Announcing the Digital Methods Summer School 2010: Foundations for Online Research with Digital Methods

The Digital Methods Initiative, a collaboration of the New Media & Digital Culture program at the University of Amsterdam and the Foundation, is organizing its 4th annual Summer School for advanced B.A. and M.A. students, PhD candidates as well as designers, artists and programmers working in the area of online media research, broadly conceived. This year’s edition of the annual Summer School is dedicated to “foundations” in digital methods. One set of foundations includes the question of the status of Web data. Often considered messy, dirty and incomplete, under which conditions may Web data be seen as robust? Another set of foundations concerns the idea of the Web as virtual, representational or otherwise having a special, ungrounded status. Can one only study online culture when one’s site of research is the Web? Where does online cultural studies end, and social and cultural research begin? The third set of foundations strives to codify the otherwise tacit knowledge required for online research. On top of formulating research questions, the purpose of foundational research skills sessions is to present strategies for compiling URL lists, building source sets, making issue and key word lists, designing queries and undertaking other core prep tasks, prior to tool use. Further foundational sessions include training in reading and interpreting search engine results and other standard Web device outputs.

Under-explored Spaces by Digital Methods

Special attention will be paid to under-explored spaces and subspaces online. Explored spaces by digital methods include hyperlink networks, IP numbers, archived website collections and previous states of the Web, top-level and second-level domains, search engine returns, social bookmarks and related tags, the spheres, national Webs and filtered content, social networking profiles, wikipedia article edit histories and tweets related by hashtag. Of the under-explored spaces, there are the classic ones, as well as those which may resist current tools and methods. In the former category of course there have been portions of the Web thought to be unreachable by crawlers (the ‘dark web’), another relatively untouched by humans (the crawled-only web), a third not to be captured (the ‘ephemeral web’) and the fourth one that no longer exists, the dead web. (Placing the robots.txt exclusion on a website now flushes the site’s stored history in the Internet archive.) However, the focus in the Summer School is on spaces currently garnering attention for their democratic potential, such as the comment space as well as the overlay or annotated map space, and exploring their potential for social and cultural research.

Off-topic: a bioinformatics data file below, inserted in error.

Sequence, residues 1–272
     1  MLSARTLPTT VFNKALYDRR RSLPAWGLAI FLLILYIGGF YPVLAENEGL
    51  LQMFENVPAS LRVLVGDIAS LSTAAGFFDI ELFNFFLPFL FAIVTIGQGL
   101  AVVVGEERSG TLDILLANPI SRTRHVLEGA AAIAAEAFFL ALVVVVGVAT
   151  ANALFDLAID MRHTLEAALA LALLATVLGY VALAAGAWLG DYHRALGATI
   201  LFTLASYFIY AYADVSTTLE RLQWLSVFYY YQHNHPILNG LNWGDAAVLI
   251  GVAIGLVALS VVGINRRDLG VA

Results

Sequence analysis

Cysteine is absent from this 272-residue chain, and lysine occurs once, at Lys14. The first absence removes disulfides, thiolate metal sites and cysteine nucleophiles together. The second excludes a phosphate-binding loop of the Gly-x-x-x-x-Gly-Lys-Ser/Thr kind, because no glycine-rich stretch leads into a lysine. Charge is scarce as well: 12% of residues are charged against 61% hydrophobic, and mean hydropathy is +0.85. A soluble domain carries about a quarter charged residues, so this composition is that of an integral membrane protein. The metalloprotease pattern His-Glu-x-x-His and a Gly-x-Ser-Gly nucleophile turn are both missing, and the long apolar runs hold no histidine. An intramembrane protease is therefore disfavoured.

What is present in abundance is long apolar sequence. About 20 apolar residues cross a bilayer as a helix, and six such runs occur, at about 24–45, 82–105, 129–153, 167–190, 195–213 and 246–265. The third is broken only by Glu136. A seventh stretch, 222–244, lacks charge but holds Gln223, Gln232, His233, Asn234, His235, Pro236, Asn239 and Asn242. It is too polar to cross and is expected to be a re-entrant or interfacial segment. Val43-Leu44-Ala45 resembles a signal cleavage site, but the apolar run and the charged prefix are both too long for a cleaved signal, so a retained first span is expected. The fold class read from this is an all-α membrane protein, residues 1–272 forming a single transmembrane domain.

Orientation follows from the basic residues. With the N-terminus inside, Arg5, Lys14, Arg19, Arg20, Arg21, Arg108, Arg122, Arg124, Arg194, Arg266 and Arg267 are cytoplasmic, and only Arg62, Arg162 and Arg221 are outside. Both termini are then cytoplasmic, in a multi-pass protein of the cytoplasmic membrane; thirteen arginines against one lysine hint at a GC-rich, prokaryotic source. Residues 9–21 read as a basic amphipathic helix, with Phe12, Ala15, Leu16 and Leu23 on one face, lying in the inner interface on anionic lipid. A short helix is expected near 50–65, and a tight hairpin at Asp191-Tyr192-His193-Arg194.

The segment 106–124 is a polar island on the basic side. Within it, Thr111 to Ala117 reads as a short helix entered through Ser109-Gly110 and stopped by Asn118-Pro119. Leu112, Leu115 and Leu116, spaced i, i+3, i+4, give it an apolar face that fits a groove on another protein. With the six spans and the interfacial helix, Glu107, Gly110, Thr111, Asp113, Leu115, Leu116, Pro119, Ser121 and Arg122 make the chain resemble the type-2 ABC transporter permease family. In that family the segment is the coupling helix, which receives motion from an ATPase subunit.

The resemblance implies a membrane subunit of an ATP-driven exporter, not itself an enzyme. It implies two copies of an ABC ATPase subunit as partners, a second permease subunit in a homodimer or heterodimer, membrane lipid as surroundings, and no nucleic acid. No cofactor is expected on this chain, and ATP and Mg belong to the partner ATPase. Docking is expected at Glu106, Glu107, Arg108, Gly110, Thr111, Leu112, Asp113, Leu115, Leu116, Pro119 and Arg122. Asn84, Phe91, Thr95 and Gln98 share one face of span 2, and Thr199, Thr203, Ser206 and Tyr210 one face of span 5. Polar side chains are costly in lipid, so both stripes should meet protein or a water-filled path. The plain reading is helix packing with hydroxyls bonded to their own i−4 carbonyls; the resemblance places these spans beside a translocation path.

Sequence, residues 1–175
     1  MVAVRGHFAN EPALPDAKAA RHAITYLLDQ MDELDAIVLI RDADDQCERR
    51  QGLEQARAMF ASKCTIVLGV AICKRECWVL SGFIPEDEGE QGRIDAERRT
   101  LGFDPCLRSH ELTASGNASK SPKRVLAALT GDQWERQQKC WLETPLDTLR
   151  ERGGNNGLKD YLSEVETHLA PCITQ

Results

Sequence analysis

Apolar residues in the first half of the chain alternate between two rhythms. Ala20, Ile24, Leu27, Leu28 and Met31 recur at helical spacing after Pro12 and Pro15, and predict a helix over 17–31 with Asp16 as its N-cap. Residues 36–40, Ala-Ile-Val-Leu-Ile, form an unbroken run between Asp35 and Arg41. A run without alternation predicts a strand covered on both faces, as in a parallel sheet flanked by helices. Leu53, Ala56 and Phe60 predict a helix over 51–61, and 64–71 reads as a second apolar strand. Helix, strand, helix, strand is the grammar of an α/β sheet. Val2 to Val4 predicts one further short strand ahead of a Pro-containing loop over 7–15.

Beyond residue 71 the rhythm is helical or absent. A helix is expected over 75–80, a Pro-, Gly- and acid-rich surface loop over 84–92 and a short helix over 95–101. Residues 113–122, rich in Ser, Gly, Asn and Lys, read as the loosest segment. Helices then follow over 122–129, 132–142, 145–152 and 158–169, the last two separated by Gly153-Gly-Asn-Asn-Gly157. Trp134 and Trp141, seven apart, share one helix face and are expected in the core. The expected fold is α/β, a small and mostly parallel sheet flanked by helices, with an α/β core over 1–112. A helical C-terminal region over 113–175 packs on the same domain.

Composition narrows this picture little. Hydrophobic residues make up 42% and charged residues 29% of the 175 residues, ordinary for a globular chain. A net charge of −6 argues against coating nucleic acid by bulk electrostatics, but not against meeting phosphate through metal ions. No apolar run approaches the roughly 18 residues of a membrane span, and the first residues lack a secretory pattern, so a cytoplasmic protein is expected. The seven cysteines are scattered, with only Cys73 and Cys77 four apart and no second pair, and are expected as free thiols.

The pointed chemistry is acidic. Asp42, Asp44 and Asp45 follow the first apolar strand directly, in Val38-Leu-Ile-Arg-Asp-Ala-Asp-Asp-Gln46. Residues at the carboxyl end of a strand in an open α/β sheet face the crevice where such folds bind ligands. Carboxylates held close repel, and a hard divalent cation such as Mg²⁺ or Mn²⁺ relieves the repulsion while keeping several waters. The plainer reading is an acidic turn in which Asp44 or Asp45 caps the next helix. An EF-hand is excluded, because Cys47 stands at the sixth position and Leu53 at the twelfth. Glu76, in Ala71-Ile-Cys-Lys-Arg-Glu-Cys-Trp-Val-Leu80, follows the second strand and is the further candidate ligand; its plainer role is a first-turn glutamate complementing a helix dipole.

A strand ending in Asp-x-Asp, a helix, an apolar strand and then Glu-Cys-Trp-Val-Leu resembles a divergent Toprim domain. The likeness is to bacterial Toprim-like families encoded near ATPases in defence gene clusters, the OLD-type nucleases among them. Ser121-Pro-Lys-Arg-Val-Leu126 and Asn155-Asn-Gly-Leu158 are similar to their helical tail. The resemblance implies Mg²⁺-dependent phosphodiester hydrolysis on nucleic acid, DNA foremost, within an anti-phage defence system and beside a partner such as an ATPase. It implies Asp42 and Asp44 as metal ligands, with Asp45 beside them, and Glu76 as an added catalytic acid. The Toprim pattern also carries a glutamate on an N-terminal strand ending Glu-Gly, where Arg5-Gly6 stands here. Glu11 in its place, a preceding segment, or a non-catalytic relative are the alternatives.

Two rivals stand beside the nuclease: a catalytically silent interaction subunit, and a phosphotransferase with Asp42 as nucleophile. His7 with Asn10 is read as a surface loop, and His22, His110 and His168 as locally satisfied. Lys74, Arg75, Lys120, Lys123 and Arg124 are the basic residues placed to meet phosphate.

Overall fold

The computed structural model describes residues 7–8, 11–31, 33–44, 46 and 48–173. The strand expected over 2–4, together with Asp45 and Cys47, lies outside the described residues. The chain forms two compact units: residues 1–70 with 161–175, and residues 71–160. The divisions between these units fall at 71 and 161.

Digital Methods Training Certificate Program, 28 June – 9 July 2010

The Digital Methods Summer School has a certificate program. It is a two-week intensive training and skill acquisition program which runs, every other weekday, 28 June to 9 July 2010. The certificate program is recommended for those researchers with limited exposure to digital methods to date.

Digital Methods Advanced Projects Program, 9 August – 27 August 2010

The Digital Methods Summer School also has an advanced program. It is a three-week undertaking, meeting physically Mondays and Fridays, with an ongoing commitment, where researchers propose and carry out projects, from research question and query design to methodological operationalization, tool use and visual and written output, including narrative and presentation. Each week has a dedicated theme, and is facilitated by advanced Amsterdam-based Digital Methods researchers. Thematic projects may include explorations of the comment space, real-time results, activity in social media, comparative Web space temporalities (such as static, real-time, periodic and irregularly-paced), as well as the creation of Web collections for the purposes of historical research.